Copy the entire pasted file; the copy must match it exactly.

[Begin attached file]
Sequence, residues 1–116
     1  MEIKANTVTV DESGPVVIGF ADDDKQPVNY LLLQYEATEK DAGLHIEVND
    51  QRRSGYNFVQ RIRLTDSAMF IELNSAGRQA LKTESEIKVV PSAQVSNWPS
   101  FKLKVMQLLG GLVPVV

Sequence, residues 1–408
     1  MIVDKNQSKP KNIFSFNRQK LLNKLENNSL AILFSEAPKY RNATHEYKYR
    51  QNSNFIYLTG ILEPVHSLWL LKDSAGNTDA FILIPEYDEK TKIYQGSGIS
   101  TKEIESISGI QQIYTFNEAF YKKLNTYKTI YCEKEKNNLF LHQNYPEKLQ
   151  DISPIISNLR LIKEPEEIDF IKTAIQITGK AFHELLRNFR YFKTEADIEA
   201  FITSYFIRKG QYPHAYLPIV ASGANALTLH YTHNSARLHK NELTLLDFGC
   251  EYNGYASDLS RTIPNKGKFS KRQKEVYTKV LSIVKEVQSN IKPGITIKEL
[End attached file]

Sequence, residues 1–116
     1  MEIKANTVTV DESGPVVIGF ADDDKQPVNY LLLQYEATEK DAGLHIEVND
    51  QRRSGYNFVQ RIRLTDSAMF IELNSAGRQA LKTESEIKVV PSAQVSNWPS
   101  FKLKVMQLLG GLVPVV

Sequence, residues 1–408
     1  MIVDKNQSKP KNIFSFNRQK LLNKLENNSL AILFSEAPKY RNATHEYKYR
    51  QNSNFIYLTG ILEPVHSLWL LKDSAGNTDA FILIPEYDEK TKIYQGSGIS
   101  TKEIESISGI QQIYTFNEAF YKKLNTYKTI YCEKEKNNLF LHQNYPEKLQ
   151  DISPIISNLR LIKEPEEIDF IKTAIQITGK AFHELLRNFR YFKTEADIEA
   201  FITSYFIRKG QYPHAYLPIV ASGANALTLH YTHNSARLHK NELTLLDFGC
   251  EYNGYASDLS RTIPNKGKFS KRQKEVYTKV LSIVKEVQSN IKPGITIKEL